With the variety of desktop management solutions available today, choosing a new imaging software can seem overwhelming. There are five main considerations you need to focus on when choosing an imaging solution. Focusing on these elements will ensure that you’ve covered your bases and won’t be disappointed by your choice later.
With the variety of desktop management solutions available today, choosing a new imaging software can seem overwhelming. There are five main considerations you need to focus on when choosing an imaging solution. Focusing on these elements will ensure that you’ve covered your bases and won’t be disappointed by your choice later. While all of these factors go hand-in-hand, you must prioritize what’s most important for your organization.
Here’s our take on what is most important and also some questions to help guide your strategy to determine what’s most important to you.
1. Image Strategy
How does your imaging software affect your image creation strategy? Do you have a closet full of reference computers to dig through every time you need to make an update? Or does your software of choice allow you to use a Virtual Machine that is portable, flexible, and easy to access? We suggest, as a best practice, using a virtual machine as your reference computer for these very reasons. Additionally, VMs give you a clean and controlled environment that can be better collaborated on across teams, often times with greater efficiency and less cost.
Updates & Sysprep
How do updates work with your imaging software? Are you Sysprepping your machine to commit those changes? Meaning, once you’ve updated and Sysprepped that image three times, (at least with Windows 7) you now have to start all over and re-build your image from scratch. Where Sysprep occurs in the imaging process is probably not at the top of your mind when selecting an imaging software, but it actually can affect your time management forever. If you’re having to re-build that image every three updates, how much time does that take you? Using a VM for your reference computer means you can save an extra copy to make updates to it without having to rebuild. You can also look for an imaging solution that handles Sysprep for you.
2. Driver Management
How does your imaging software allow you to handle drivers? Do you have to go to each manufacturer’s website to download and package those drivers? Are you embedding them in the image with hardware specific images, using disk cloning techniques? Or, do you use a blob method, let Plug and Play do its thing and hope for the best? Find an imaging solution that works for your environment now and can also handle changes in the future. Manufacturers change models so often, it’s nearly impossible to keep everyone on the same hardware.
What file format does your imaging software use? Products like Symantec Ghost and Acronis Snap Deploy use proprietary formats, .GHO and .TIB respectively. Whereas imaging software like SmartDeploy and Microsoft Deployment Toolkit, use the industry standard .WIM file type. Using a .WIM file makes your image that much more flexible. Giving you the ability to use it with plenty of other products, including Microsoft SCCM and WDS. Furthermore, you can service and manipulate .WIM files. Other proprietary formats are locked down and you are beholden to that vendor to make any updates.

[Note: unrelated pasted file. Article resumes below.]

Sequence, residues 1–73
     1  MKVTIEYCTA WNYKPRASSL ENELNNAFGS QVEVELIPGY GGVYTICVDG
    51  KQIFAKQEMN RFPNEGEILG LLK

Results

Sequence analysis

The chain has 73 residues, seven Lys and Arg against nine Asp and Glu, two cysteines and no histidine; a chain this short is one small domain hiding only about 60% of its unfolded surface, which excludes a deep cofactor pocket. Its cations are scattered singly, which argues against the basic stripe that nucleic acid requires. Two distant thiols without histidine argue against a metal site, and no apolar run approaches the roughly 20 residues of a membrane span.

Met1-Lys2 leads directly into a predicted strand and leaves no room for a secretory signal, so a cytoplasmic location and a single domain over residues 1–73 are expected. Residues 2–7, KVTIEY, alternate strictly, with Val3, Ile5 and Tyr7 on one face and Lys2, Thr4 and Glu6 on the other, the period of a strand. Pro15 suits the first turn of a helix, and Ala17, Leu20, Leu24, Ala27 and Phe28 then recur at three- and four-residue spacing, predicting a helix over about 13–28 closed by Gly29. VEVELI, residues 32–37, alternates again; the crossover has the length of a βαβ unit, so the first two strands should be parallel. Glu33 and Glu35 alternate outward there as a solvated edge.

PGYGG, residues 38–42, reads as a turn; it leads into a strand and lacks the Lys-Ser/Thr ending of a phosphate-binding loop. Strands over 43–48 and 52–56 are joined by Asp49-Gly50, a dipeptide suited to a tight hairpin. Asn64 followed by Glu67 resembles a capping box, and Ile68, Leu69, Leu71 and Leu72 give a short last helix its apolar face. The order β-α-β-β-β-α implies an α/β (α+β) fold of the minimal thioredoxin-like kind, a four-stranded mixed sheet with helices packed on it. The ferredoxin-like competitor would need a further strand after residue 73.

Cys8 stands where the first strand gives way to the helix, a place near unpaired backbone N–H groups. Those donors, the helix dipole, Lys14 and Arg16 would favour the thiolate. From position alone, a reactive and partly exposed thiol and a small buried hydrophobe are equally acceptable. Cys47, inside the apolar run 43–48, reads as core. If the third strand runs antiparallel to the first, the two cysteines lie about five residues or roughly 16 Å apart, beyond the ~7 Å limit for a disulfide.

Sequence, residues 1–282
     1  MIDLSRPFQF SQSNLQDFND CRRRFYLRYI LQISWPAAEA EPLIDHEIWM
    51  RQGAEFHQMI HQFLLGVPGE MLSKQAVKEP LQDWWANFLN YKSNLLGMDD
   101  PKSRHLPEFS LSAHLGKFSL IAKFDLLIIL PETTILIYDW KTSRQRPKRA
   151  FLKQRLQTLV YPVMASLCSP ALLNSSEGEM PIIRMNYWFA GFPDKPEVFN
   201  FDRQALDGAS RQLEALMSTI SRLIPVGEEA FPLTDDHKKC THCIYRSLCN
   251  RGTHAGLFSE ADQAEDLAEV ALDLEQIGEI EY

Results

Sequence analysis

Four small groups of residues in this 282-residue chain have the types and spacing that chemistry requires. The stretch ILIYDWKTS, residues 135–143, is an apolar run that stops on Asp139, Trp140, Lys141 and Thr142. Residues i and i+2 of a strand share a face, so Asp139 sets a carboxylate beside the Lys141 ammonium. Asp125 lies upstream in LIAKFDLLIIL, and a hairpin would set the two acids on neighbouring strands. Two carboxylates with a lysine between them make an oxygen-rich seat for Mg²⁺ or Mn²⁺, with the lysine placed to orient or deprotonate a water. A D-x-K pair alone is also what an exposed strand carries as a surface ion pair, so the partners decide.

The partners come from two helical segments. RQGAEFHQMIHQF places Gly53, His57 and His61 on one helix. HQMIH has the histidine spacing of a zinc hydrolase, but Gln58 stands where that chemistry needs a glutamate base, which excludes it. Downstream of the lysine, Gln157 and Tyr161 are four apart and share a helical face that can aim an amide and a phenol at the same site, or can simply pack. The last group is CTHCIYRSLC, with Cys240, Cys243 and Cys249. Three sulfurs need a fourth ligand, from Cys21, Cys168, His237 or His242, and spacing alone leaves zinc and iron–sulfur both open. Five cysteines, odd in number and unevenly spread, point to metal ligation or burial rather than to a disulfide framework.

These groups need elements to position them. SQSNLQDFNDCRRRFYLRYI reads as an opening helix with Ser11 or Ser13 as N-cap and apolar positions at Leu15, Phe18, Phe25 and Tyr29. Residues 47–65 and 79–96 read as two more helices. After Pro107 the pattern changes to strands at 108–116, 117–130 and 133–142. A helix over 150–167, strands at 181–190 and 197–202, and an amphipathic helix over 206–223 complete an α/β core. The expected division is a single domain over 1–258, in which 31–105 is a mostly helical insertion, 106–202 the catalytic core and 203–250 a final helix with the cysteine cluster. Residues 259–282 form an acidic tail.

4. Deployment Time
How much time does it actually take you to deploy your image? Take a step back, and consider all the other time you’ve put in to creating and updating your image, how much time did all that take you? If it’s more than an hour, you’re probably wasting valuable time that you could be spending on something much more productive and valuable than imaging and deployment.
5. Ease of Use and Support
Is your imaging software easy to use? Do you end up going through multiple tiers of support just to get an answer to your question? If so, maybe it’s time to consider something else. Imaging and deployment should be simple, fast, and reliable. If it takes an hour to create and update your image, and another half hour to deploy the image, and then another hour or day to resolve a technical support issue that arose during deployment – you’ve now spent a whole day, or more, just trying to image a computer.
Before you spend hours trying to configure an imaging software to work the way you need it to, take a step back and evaluate your options. Spending a couple hours trying a few solutions may save you hours of pain down the road. More importantly, having an imaging process will ultimately keep devices performing at their best and reducing potential security vulnerabilities since you’ll be consistently deploying the most up to date images across the organization.